Monday, April 27, 2009

Swine flu Q&A - NHS Direct

Last updated: 27 April 2009

If you’ve recently been in the affected areas of Mexico and the US (see below) and are experiencing flu-like symptoms, stay at home and limit contact with other people.

You should then contact your GP or call NHS Direct on 0845 4647.

You do not need to worry if you have flu-like symptoms and have not recently been to the affected areas. Use our colds and flu symptom checker to get advice instead.

What are the symptoms of swine flu?

The symptoms of swine flu in people are similar to the symptoms of regular human seasonal flu infection. Symptoms include:

fever (high temperature),

tiredness (fatigue),

lack of appetite,

coughing, and

sore throat.

Some people with swine flu have also reported having vomiting and diarrhoea.

Where are the affected areas?

The affected areas (as at 27 April 2009) are:

San Diego County, California, USA

Imperial County, California, USA

San Antonio, Texas, USA

Federal District of Mexico City, Mexico

San Luis Potosi, Mexico

Mexicali, Mexico

Oaxaca, Mexico

What is swine flu?

Swine influenza (flu) is a respiratory disease (a condition which affect the breathing) of pigs caused by type A flu viruses. Outbreaks of swine flu regularly happen in pigs.

People do not normally get swine flu, but human infections can happen. Usually, human cases of swine flu happen in people who work closely with pigs. But it’s also possible for swine flu viruses to spread from person to person.

Recently, cases of human infection with swine flu A (H1N1) viruses have been reported in Southern California and near San Antonio, Texas.

And cases which are from the same virus (which come from an outbreak in Mexico) has shown wider human-to-human transmission of swine flu.

Is this swine flu virus contagious?

Yes. This virus is contagious and is spreading from human to human. But, at this time, we don’t know how easily the virus spreads between people.

How common are cases of swine flu?

Infection with the swine flu virus has been detected occasionally in humans since the 1950s. And the human disease is usually clinically similar to disease caused by infections with human flu viruses.

Cases of swine flu in humans usually occur after a history of exposure to pigs. For example, direct or close contact with infected pigs.

Person-to-person transmission, as suspected in the cases currently under investigation in the US and Mexico, have been previously reported but are rare.

There have been no cases identified in the UK for at least 10 years.

A single case of swine flu was reported in November 2008 in Spain. The person only had mild symptoms.

In the US there is an active swine flu surveillance programme to monitor pig viruses as they see more types of viruses than in any other country.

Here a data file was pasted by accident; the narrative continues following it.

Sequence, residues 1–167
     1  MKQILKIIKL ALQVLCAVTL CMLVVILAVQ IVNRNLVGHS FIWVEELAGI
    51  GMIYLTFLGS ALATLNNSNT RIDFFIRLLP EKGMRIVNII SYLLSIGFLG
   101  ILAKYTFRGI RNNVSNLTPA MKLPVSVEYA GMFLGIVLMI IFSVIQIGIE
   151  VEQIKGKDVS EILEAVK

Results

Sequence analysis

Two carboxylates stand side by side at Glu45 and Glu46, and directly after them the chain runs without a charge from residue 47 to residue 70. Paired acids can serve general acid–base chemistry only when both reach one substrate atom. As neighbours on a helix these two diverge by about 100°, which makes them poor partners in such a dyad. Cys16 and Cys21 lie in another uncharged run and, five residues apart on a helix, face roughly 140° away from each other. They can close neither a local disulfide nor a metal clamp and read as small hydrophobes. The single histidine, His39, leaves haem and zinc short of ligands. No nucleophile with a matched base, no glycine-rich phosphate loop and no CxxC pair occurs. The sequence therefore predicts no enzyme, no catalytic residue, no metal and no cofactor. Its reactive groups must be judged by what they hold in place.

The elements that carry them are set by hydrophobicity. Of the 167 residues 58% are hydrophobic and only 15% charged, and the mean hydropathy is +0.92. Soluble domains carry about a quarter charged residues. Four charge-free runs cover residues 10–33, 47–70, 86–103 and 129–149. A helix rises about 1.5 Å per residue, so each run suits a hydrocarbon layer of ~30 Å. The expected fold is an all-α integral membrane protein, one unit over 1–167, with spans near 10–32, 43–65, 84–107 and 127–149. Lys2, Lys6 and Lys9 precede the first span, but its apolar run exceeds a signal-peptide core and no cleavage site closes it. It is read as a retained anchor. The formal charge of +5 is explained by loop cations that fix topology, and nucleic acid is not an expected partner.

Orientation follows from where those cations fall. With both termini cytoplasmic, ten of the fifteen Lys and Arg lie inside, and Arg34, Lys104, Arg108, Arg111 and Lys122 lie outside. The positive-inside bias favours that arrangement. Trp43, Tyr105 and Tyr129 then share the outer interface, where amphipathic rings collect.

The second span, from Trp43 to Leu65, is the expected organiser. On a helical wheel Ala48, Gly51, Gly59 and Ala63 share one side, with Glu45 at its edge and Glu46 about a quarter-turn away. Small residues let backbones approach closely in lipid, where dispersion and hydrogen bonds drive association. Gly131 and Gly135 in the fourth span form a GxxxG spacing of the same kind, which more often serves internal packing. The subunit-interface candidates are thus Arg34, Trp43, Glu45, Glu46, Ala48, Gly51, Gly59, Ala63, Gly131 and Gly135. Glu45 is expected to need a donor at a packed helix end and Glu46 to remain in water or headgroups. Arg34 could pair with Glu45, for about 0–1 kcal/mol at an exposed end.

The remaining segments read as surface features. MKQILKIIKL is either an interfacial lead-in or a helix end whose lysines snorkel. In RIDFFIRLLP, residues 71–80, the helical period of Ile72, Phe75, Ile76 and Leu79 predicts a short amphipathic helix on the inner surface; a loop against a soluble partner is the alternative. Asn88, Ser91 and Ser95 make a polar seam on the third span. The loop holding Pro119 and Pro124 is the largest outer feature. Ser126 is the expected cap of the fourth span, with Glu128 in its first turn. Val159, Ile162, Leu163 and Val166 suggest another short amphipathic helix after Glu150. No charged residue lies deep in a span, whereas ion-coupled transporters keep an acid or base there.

What is the difference between seasonal flu, avian flu, swine flu and a flu pandemic?

Flu viruses are commonly circulating in the human and animal environment. Different strains can cause illness in humans, bird and pigs.

Seasonal flu is caused by flu viruses that change to spread in humans (human influenza).

Humans have some natural immunity to the strains that are in common circulation. This immunity can be increased by immunisation with a seasonal flu vaccine (flu jab).

Avian flu is caused by flu viruses that affect birds. And, swine flu is caused by flu viruses that affect pigs.

These conditions all produce the same respiratory symptoms in their hosts.

Sometimes, humans and animals can pass strains of flu back and forth to one another. For example humans can become ill with avian or swine flu, usually from direct contact with animals who are ill.

Mixing of human and animal flu viruses can lead to the development of changed viruses with the ability to cause infection and spread in the human population. There may be little or no immunity in the human population to these new viruses.

What is a flu pandemic?

A flu pandemic is defined as a new flu virus that spreads easily between humans.

When new flu viruses are introduced into the environment, humans don’t have any natural immunity to protect against them.

Therefore, there is a risk that new flu viruses could develop into a pandemic if the virus passes easily from human-to-human.

Is this the next flu pandemic?

It is too early to say whether the cases in Mexico and the US will lead to a larger outbreak. Or whether it could represent the appearance of a potential pandemic strain of flu virus.

There is currently not enough evidence to understand the extent to which cases in Mexico and the US are firmly linked. Or to make a complete assessment of the health implications of this new virus.

The Director-General of the World Health Organization (WHO) is the decision maker in terms of declaring a flu pandemic.

Experts from around the world are working closely with the WHO to help determine what risk this situation has to global public health.

Is treatment available?

Testing has shown that the human swine flu H1N1 can be treated with the antivirals oseltamavir (Tamiflu) and zanamivir (Relenza).

What can I do to prevent infection?

General infection control practices and good respiratory hand hygiene can help to reduce transmission of all viruses, including human swine flu.

This includes:

Covering your nose and mouth when coughing or sneezing, using a tissue when possible.

Disposing of dirty tissues quickly and carefully.

Maintaining good basic hygiene, for example washing hands frequently with soap and water to reduce the spread of the virus from your hands to face or to other people.

Cleaning hard surfaces (for example, door handles) frequently using a normal cleaning product.

You should make sure children and other members of your household follow this advice.

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